- The Washington Times - Thursday, January 23, 2003

On Jan. 9, 1790, George Washington traveled a few blocks from his residence in New York City to the temporary Capitol at Federal Hall and delivered the first State of the Union address to a joint session of Congress. Lawmakers reciprocated, when the full Senate and some House members visited the president's mansion, providing a response to his address in person.
Congress always responds to the president's message certainly not in person anymore; and normally not with the speed, intensity and direction he desires. Yet, this year, lawmakers should heed the president's call for a new approach to meeting human needs by building a culture of service in this country. President Bush's "compassion agenda" has lacked the attention it deserves over the last two years. His allies in Congress should help him change that.
Presidents lay out broad themes and policy recommendations in the State of the Union message. It is a time when the separation of power narrows as the three branches of government huddle in the House chamber. Presidents, according to Karlyn Campbell and Kathleen Hall Jamieson in "Deeds Done in Words: Presidential Rhetoric and the Genres of Governance," use this annual opportunity to communicate "public meditations on values, assessments of issues and policy recommendations."
For more than 200 years, this pageant of democracy often changed the tone and substance of American political rhetoric. President Jefferson thought the practice "too royal" and sent his message to Congress in writing. For the next century, presidents wrote often eloquent messages to lawmakers. Woodrow Wilson reinstated the tradition of the speech to a joint session in 1913, a practice subsequent chief executives have followed ever since. The State of the Union address has been the vehicle for such historical utterances as James Monroe's Doctrine, Abraham Lincoln's assertion that America represents the world's "last best hope," FDR's Four Freedoms and LBJ's Great Society.
No doubt this year's address will focus on urgent domestic and foreign policy themes. Yet, President Bush's broader philosophical domestic policy idea his initiatives aimed at changing how the federal government helps people and strengthens communities deserves reinforcement from his allies on the Hill and careful consideration by the media.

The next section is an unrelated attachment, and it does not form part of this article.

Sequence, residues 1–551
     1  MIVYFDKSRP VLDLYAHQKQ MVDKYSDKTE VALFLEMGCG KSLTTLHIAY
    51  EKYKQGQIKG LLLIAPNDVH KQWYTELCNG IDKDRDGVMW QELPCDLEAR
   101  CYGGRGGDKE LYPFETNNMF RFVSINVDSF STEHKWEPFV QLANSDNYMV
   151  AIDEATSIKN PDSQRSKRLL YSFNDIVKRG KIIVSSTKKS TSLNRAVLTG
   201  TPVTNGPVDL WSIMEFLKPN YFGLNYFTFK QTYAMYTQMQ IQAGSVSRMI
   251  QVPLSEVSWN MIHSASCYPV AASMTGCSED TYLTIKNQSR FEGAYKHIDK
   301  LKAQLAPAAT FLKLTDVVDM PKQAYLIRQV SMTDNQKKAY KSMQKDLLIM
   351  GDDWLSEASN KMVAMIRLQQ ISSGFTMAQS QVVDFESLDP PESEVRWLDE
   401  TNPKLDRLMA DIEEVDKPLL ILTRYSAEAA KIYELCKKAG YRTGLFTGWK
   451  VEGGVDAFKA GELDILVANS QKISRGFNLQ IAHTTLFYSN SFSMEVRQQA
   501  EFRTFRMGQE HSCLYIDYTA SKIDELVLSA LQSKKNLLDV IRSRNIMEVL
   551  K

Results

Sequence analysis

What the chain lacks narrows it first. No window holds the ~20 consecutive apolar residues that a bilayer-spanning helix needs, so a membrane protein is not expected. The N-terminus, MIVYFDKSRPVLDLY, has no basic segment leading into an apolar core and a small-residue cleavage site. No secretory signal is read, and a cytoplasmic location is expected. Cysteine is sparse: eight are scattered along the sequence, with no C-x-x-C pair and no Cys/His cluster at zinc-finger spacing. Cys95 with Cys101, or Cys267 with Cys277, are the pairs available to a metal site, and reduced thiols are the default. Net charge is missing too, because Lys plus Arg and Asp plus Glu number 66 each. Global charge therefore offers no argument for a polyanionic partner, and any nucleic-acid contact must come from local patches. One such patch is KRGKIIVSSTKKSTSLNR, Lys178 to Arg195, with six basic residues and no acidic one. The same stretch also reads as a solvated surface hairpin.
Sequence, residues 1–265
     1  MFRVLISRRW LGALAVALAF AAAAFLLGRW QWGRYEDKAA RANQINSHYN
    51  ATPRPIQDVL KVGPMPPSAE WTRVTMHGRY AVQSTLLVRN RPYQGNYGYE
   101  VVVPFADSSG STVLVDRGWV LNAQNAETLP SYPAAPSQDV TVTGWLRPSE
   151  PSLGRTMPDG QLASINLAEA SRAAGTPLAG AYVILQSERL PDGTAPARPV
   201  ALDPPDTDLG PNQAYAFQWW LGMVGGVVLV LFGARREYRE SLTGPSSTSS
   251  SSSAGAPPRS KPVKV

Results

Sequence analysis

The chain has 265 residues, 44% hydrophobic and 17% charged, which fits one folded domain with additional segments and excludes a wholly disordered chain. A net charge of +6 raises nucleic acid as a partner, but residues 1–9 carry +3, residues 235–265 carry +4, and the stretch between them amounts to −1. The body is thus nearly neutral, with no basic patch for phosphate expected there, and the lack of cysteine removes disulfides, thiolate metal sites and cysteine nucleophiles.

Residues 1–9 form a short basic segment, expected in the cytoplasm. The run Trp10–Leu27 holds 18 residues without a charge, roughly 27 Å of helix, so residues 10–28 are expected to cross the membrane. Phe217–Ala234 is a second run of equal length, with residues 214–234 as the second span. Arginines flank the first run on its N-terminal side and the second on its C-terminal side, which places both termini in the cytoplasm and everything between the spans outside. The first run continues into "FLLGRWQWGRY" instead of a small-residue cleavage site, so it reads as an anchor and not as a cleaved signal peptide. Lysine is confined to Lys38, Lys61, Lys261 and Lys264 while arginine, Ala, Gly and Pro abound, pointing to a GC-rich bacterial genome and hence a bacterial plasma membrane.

The president helped his party reach parity with the Democrats on the education issue by proposing a credible, creative and results-oriented alternative to the current system. He then repeated the message through a series of dynamic visits to schools across the country.
The president will replicate this model on social welfare policy. If successful, it will enhance Mr. Bush's legacy and challenge 60 years of New Deal dogma. He hopes to shift the debate from ends to means, saying to the Democrats, in effect, "let us stop fighting about who wants to help people we all do and start debating the best way to do it."
Mr. Bush will highlight initiatives such as the Citizens Service Act and faith-based legislation programs that help people by fostering results-oriented, smaller, community-based organizations. He believes empowering these organizations is a better way to assist Americans than relying exclusively on distant government-backed bureaucracies.
The President's compassion agenda will not seek to end the federal role in providing social services, but redirect it. He will propose that lawmakers consider four principles in reforming social policies: 1. Condition federal funding based on an organization's ability to demonstrate it can attract more people to provide services to the needy; 2. Encourage participation by smaller, community-based organizations, closer to the people receiving services; 3. Ensure every organization receiving federal money demonstrates performance measures. How many people fed? How many homes built?; 4. Establish greater state and local, rather than federal control of these organizations.
Mr. Bush needs his allies to take these initiatives and his new rhetoric seriously. One Republican familiar with the White House plans said, "The president has talked about these ideas for a while and wants them to be one of his legacy items. He's frustrated they have not been taken more seriously on the Hill."
Republicans have been too timid developing new ideas and rhetoric to compete with the Democrats in promoting social welfare policy. President Bush will provide his party with new communications tools and programmatic ideas in next week's State of the Union.
Republicans should respond, not by visiting him at the White House, as lawmakers did with President Washington more than 200 years ago. Instead, they should promote legislation to enact his compassion agenda and aggressively talk about this alternative approach to helping people in need. By doing so, Republicans will boost themselves politically, with the president, change the debate, and encourage millions of Americans to broaden a culture of compassion and citizen service across America.

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